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Govt mulls initiating regulatory action against automakers

By Bilal Hussain
May 06, 2022

KARACHI: Irked by the frequent increase in car prices, auto industry regulator Engineering Development Board (EDB) has sent a notice to car assemblers, asking them to share their cost structure, justify price increase and meet on May 10.

“The government is extremely concerned and has taken a very serious view about the frequent price increases by local automobile manufacturers/assemblers,” wrote General Manager Policy EDB Asim Ayaz.

“This situation is clearly unacceptable, and the government may consider initiating regulatory measures, which may include fixation of prices under the Price Control Prevention of Profiteering and Hoarding Act, 1977,” the letter read.

“You are therefore directed to share your cost structure and provide/ justification for recent price increases by 7th May, 2022,” it added. “You are also further directed to ensure your presence in the subject meeting on 10th May, 2022 in the Committee Room of EDB.”

The letter has been sent to CEOs of Indus Motor Company, Honda Atlas Car, Pak Suzuki Motor Company, Lucky Motor Corporation, Al Haj Automotive, Al Haj FAW Motor, United Motors, Regal Automobile Industries, Master Changan Motors, Hyundai Nishat Motor and Sazgar Engineering Works.

“We will meet and explain to them (reasons behind price increase),” said IMC CEO Ali Asghar Jamali. However, Jamali said that car assemblers would not be sharing their cost structures as it was classified information.

“Cost structures are classified information,” Jamali said.

“It is extremely hard to plan anything in Pakistan currently,” said Ali Asad Hameed, CEO Sazgar Engineering Works. “It’s not just the USD hike, the raw material prices are (also) increasing which is forcing our principles to increase prices. USD is one of the biggest factors.”

Few days ago, IMC and Honda jacked up car prices by up to Rs170,000. Atlas Honda has increased bike prices, which saw the iconic Honda CD70 price cross the Rs100,000 mark.

Mashood Khan, an auto sector expert and former chairman, Pakistan Association of Automotive Parts and Accessories Manufacturers (PAAPAM), said car assemblers appear to increase car prices together.

“It is because all of the companies are facing similar cost pressures such as rupee depreciation against dollar, increase in the prices of imported raw materials such as steel,” he explained.

Khan added that the auto sector around the world was facing a shortage of raw material.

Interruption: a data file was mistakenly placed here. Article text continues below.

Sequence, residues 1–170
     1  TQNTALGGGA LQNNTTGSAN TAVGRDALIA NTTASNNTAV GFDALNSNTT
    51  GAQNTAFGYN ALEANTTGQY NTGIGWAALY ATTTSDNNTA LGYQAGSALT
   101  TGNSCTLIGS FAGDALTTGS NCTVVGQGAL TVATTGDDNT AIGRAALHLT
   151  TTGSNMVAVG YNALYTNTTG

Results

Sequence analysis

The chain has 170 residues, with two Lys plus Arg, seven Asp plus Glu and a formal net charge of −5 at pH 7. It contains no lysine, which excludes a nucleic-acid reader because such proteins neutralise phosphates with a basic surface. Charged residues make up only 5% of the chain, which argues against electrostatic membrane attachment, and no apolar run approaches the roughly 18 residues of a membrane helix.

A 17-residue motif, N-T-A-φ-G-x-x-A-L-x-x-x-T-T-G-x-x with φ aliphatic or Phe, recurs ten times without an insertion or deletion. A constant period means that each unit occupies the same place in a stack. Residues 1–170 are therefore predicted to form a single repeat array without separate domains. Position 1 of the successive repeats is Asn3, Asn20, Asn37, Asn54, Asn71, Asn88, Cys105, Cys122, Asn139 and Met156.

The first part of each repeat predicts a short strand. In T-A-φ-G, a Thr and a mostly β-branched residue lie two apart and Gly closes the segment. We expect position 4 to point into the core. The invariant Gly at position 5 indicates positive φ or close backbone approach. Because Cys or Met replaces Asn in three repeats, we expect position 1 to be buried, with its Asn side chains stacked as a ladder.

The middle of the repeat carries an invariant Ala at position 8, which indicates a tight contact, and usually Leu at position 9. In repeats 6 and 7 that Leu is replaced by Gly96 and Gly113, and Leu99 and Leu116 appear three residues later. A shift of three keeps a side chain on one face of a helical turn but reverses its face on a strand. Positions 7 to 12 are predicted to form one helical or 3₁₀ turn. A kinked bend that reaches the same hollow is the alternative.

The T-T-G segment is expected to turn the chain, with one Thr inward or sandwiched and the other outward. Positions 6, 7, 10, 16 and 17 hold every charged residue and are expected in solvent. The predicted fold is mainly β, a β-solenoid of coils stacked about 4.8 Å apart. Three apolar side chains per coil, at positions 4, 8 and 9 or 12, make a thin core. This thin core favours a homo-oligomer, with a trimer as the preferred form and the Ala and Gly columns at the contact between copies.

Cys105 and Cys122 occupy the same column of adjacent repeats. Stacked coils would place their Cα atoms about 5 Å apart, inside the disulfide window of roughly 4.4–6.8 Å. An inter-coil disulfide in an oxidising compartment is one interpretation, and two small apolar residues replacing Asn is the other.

HM Shahzad, Chairman, All Pakistan Motor Dealers Association, said increasing car prices would not bring the delivery period down because the demand was too high and the price factor would hardly dent the sales.

An industry official said car demand was unlikely to go down because of the prevailing political situation in the country.

“We have always seen car sales increase in an election year,” the source said.

The Ministry of Industries and Production also took similar notice last year asking car companies to provide justification for raising car prices. The letter instructed automobile manufacturers to provide their costing structures failing which, price fixation proceedings would need to be carried out unilaterally.

The letter added that it was unacceptable and the government might have no recourse but to initiate regulatory measures, which include fixation of prices under the Price Control and Prevention of Profiteering and Hoarding Act, 1977.

But auto companies said that international commodity prices, freight costs and rupee devaluation have forced them to jack up car prices. Nothing came out of it and assemblers have intermittently been raising car prices since then.

“The auto industry is linked to the international market. The raw material and parts’ cost are very different and the government cannot fix car prices,” replied Pakistan Automotive Manufacturers Association (PAMA) Director General Abdul Waheed Khan to a query.

Government officials held a meeting in March earlier this year of its auto industry monitoring committee, where the government officials have also asked auto assemblers to rationalise the significantly high car prices.

They have already formed a committee including officials of Paapam, Competition Commission of Pakistan (CCP), State Bank of Pakistan (SBP), Federal Board of Revenue (FBR), Ministry of Commerce and Ministry of Industries and Production.

Waheed said that Pakistan has a free market and there was a market mechanism where fixation of price was not possible.

A source in the auto industry said that the government takes notice when there was hue and cry from the public, but when it subsides the government forgets about it.